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Larry Coryell: Free Spirit and Pioneer

Steve Khan By

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Not too long ago, I learned that sadly, one of my great inspirations, guitarist Larry Coryell had passed away here in New York on February 19th, 2017. Somewhere around 1968, I remember being in college at U.C.L.A. and going several times to see Larry play as part of the visionary Gary Burton Quartet. Usually they played at Shelly's Manne-Hole. Perhaps the second time that I saw the group, they were recording their second album, Lofty Fake Anagram in the afternoons while playing the live gig at night. I have chosen to share a photo from that time period, because I would like to always remember Larry in this way. I remember Larry telling me that that big, beautiful, blonde Gibson Super 400 was actually not his guitar, and that it belonged to Chris Hills, his band mate from the trailblazing Free Spirits. Larry was only borrowing it!

What first struck me, in the context of the Duster album by the Gary Burton Quartet, was that, unlike anyone in the past, Larry was showing us all that the full spectrum of the guitar and its possibilities was in play. One could play anything, and from any style, and, in a jazz context, it was now all O.K.! When I saw the group play live in Los Angeles, there seemed to be a new energy that was infusing the jazz of that time period. Alongside the Charles Lloyd Quartet, and, of course, with Miles Davis having gone "electric"—the fusion era was now well on its way. It was an incredible time for the possible. And Larry Coryell was right on the forefront of it. He was, without question, the father of the "Fusion" movement where the guitar is concerned. What he did then opened the door for all of us who were to follow, and each of us, in his own way, did follow.

In truth, I don't know if Larry ever sounded as good as he did on the first Gary Burton Quartet album, Duster. What an incredible recording that was. Larry's appearance on Chico Hamilton's The Dealer album was also huge. Sometimes, one can have everything about their future right there, right in one's own hands, but, for one reason or another, the moment escapes, and then, those whom one had influenced arrive, and just as suddenly, they pass us right by! Larry's vision for his own recordings was never focused in the best possible way—they were all over the place—and perhaps because of that, John McLaughlin, when he appeared, he just passed him right by, followed a few years later by Bill Connors and Allan Holdsworth, and the sound of the guitar in fusion was changed forever. The focus and vision of an artist can be everything when seizing their moment!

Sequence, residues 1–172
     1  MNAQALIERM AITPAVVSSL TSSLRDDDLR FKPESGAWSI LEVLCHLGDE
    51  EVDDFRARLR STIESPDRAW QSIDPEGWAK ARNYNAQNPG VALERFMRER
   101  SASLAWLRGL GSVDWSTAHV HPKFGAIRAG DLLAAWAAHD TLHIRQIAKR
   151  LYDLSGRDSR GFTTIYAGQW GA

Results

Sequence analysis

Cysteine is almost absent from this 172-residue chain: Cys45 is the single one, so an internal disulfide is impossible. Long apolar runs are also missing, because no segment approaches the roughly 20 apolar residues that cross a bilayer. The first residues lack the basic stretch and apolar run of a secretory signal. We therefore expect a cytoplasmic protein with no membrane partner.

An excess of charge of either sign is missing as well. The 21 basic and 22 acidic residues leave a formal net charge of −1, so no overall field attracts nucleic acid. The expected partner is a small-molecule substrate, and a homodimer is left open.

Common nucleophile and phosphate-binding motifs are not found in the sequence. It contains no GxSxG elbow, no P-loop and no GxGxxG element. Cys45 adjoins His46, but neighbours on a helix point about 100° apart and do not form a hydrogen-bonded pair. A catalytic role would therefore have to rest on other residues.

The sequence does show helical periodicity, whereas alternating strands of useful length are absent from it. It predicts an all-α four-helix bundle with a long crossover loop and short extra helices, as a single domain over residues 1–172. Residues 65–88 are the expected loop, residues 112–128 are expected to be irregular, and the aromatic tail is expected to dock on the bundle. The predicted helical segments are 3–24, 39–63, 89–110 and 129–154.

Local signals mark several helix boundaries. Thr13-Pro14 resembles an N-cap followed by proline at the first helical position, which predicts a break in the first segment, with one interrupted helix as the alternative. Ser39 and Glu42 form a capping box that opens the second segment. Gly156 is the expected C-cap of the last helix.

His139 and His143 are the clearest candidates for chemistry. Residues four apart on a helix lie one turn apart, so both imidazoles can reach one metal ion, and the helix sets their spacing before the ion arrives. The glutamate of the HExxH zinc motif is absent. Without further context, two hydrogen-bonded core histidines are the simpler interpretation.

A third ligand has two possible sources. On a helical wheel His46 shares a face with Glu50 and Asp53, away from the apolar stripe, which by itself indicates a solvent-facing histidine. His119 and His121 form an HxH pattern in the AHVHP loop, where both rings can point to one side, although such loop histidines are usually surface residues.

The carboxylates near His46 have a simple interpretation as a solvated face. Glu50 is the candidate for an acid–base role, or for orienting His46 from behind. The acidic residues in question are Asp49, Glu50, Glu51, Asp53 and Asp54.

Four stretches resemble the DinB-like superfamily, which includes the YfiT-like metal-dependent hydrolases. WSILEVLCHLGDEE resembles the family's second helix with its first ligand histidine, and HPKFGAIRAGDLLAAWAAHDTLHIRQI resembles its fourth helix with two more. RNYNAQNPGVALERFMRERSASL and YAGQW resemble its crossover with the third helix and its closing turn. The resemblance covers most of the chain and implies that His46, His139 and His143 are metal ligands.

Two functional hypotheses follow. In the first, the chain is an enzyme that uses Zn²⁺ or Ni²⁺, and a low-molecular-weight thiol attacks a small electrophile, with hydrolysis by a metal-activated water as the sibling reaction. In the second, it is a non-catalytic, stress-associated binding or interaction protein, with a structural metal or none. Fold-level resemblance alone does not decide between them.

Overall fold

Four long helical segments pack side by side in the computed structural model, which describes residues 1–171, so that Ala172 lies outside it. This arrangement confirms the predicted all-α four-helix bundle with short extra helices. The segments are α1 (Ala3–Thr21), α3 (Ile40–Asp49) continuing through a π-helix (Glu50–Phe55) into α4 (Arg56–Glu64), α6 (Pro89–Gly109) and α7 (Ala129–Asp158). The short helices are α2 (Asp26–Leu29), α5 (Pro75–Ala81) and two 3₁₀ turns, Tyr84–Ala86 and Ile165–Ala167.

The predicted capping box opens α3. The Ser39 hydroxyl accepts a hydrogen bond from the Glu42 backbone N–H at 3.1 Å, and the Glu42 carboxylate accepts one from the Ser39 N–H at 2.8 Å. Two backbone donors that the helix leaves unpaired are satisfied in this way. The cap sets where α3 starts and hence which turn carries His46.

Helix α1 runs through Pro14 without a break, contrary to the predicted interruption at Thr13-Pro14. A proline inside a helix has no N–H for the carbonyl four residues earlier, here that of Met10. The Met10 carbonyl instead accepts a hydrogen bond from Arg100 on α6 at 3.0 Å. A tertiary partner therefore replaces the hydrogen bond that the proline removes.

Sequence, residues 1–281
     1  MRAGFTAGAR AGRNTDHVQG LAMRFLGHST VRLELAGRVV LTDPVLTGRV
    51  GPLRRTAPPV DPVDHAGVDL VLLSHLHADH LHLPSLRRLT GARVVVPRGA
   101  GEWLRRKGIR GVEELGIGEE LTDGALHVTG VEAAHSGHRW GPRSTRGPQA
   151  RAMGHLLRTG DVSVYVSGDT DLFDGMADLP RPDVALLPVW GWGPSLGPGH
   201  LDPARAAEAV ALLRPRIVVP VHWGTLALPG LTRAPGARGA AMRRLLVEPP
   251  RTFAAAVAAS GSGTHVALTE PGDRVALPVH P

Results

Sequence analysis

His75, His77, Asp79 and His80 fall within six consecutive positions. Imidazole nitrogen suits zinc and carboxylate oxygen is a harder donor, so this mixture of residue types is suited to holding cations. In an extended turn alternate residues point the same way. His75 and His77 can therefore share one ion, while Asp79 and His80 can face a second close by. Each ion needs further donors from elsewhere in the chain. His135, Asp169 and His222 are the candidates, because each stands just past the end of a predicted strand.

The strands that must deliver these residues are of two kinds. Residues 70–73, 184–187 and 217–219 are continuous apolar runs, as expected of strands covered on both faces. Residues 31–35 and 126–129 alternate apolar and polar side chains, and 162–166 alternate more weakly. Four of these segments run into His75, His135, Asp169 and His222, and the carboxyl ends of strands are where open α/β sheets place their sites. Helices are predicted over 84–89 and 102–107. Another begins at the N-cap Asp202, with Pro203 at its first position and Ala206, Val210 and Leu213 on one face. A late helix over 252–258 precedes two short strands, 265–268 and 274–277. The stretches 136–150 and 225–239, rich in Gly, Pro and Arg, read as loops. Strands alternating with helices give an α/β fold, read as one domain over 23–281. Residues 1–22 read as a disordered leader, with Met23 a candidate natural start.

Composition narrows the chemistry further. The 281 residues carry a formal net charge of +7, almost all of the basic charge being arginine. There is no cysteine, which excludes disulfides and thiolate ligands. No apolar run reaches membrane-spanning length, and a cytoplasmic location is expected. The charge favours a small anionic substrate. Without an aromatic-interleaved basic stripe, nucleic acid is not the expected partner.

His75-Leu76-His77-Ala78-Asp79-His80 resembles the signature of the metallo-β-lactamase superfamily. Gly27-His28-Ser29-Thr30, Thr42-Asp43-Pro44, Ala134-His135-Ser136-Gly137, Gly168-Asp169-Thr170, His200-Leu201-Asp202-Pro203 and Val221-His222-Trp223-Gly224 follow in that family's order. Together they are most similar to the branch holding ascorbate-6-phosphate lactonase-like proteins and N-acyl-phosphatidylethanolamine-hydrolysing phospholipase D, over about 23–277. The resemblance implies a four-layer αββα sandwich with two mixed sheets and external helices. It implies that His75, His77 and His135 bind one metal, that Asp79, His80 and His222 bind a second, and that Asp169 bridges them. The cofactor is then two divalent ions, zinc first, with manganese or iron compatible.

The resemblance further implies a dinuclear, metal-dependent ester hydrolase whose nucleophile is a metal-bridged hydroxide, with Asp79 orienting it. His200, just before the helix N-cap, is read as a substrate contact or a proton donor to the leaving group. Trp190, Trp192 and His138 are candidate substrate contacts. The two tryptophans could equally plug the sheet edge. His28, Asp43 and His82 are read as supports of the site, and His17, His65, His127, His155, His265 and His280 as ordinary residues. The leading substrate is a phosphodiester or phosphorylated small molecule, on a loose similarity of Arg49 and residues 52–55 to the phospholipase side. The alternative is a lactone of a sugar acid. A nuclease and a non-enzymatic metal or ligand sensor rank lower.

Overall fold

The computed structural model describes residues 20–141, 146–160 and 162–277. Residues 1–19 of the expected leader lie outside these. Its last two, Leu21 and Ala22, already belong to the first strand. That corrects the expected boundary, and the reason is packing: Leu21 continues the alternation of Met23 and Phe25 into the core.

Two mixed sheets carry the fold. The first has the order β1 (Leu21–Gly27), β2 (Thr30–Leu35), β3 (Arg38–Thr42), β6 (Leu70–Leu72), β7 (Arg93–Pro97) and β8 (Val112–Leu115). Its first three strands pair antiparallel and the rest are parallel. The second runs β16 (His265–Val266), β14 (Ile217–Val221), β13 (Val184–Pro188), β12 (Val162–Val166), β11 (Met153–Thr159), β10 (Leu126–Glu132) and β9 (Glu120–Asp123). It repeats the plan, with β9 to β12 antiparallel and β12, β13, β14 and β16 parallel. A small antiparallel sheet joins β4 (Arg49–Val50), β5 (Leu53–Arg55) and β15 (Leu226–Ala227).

Our duo, our duets came about because of business considerations from his managers at that time. There were many gigs that did not pay enough for The 11th House, and his managers hated turning down the income—so they asked me if I would be willing to put together a guitar duet setting with and for Larry. I wasn't sure that I could do it, or that we could do it, given those times in both of our lives—and I'm mostly speaking of personal issues. But, Larry and I spoke, by then having been friends for a long, long time, and I decided to just bring in the music that I had always felt closest to. You must remember that this was back in 1975. There really were no other acoustic guitar duos at that moment. Everything was very electric! We had a pretty expansive book of tunes, but at that time, no one was really "looking back" to the mid-'60s, and playing tunes like Wayne Shorter's "Footprints" and "Juju" or Bobby Hutcherson's gorgeous ballad, "Bouquet." And, of course, to interpret Chick Corea's "Spain" seemed like a crazy thing for a guitar duo to be attempting, but, ever fearless, we did it.

It is ironic to me that, of all things, on my new CD, Backlog, by pure coincidence, I am playing three tunes from Bobby Hutcherson albums: "Head Start" and "Rojo" from Happenings—the same album that brought us "Bouquet." And finally, Andrew Hill's "Catta" from Hutcherson's Dialogue album. Life can be so strange sometimes!

Larry and I were perhaps the first contemporary acoustic jazz guitar duo, and we would log countless miles touring the U.S. and Europe together, but, for a variety of personal reasons, after a couple of years, I left the duo, wanting to devote myself full-time to the Brecker Brothers Band. It was, of course, the best possible decision for me. Though it was recorded a few years before its actual release, our live recording, Two for the Road became the document of what we had been working on together. It is often hard for me to imagine just how much that recording has come to mean for so many people. No matter what, I am very appreciative of that fact alone.

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